There are many things that can go wrong with an antique clock, but if you take the right precautions and have a bit of luck, it will keep ticking for years to come. However, there are a few more sinister reasons why your clock may stop ticking.
4 Reasons why your antique clock stopped ticking
Humidity is the amount of water in the air. The relative humidity is the amount of water in the air compared to the amount of water that would be present if it were in ice. If the air is a very moist (e.g. humidity is over 90%), the clocks will stop working because the mechanism is not able to keep accurate time.
If the clock is exposed to humid air for a long time (e.g. overnight) it can cause the clock mechanism, escapement, pendulum and all other parts to be destroyed.
If your clock is exposed to humid air overnight, then it’s likely to malfunction the next day. But if you live in a humid area, you can prevent this by opening the case of your clock daily.
Leave the door open or take off the dial guard, so you don’t accidentally close the door. This will prevent the clock from being exposed to humid air.
If you see your clock suddenly stop, then you should immediately take the following steps to prevent further damage:
– Switch off the power to your clock and remove the battery if you have one. If you don’t, then remove the plug too and place it in an airtight container.
– Place your clock in an open and well-ventilated area. If you don’t have an airtight container, then use an open plastic box.
– Carefully remove the dial and movement from the case, then place the clock in the plastic box.
– Store the clock in a cool, dry place. The drier the environment, the better. A room out of direct sunlight is perfect.
– If you have a clock with pendulum, then you have to hang it again. If there is no pendulum, then you can use some cork. The cork can absorb the moisture and will prevent the clock from malfunctioning.
This is one of the most common reasons why your antique clock stops working. If your clock has been damaged by water, then it will likely need to be serviced or repaired. Depending on the extent of the damage, this could be extremely costly.
If your clock has been damaged by water, then it’s most likely that you will need to have it serviced or repaired. Depending on the extent of the damage, this could be extremely costly. If the damage is minor, it might be possible to clean and oil your clock yourself.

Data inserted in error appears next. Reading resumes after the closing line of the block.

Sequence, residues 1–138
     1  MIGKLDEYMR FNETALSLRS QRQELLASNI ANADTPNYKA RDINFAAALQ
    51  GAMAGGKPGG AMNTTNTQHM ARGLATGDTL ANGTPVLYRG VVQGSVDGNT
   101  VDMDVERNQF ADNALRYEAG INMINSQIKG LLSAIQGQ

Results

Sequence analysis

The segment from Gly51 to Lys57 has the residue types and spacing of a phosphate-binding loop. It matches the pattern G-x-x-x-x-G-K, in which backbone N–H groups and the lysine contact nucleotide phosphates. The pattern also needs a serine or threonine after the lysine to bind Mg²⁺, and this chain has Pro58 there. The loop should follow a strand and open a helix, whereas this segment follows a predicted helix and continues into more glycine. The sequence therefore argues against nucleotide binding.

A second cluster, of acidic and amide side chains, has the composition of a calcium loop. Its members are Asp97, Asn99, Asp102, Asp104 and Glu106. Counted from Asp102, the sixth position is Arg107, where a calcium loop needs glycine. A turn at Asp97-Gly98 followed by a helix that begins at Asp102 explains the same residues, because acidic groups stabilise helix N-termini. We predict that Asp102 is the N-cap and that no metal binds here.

It’s important to note that if your clock has been submerged in water, then it will be corroded. This means it will need professional services to be repaired.
3-Old Movement and Parts
The most common reason why an antique clock stops working is because the movement has worn out. This generally happens over time because the clock is used regularly and kept working, but the movement has worn out and needs to be replaced.
If your antique clock is over 30 years old, then you should expect that the movement will need to be replaced eventually.
This is because movements are usually designed to last around 30 years, with some lasting up to 50 years. Regular servicing and oiling of the movement will extend its lifespan, so it’s important to check the movement once a year.
This can be done by removing the dial and movement from the case, then checking the gears, pinions, and other moving parts for any signs of wear, such as grooves in the parts where they mesh together.
If the movement has some obvious wear, then it needs to be serviced and replaced. But if it’s slightly worn, then it may be sufficient to be serviced and oiled, depending on your skill level.
4-Accumulated Dust and Dirt
Another reason your antique clock may stop working is because it has become contaminated with dust, dirt, and other particles. This can occur if your clock isn’t kept clean, or if the air in your house is too dusty.
If your antique clock is contaminated with dust, dirt, or particles, then it will no longer keep accurate time. This can be remedied by regularly cleaning your clock. Do this once a week, using a soft dry cloth and some mild dish soap.
If your clock is contaminated with water, then it will need to be professionally serviced. If your clock is contaminated with humidity, then you should open the case daily to prevent further damage.
Hopefully, you have realized that your antique clock stopped ticking is one of the most common reasons. If you take the right precautions and have a bit of luck, your antique clock will keep ticking for years to come. However, there are a few more sinister reasons why your clock may stop ticking.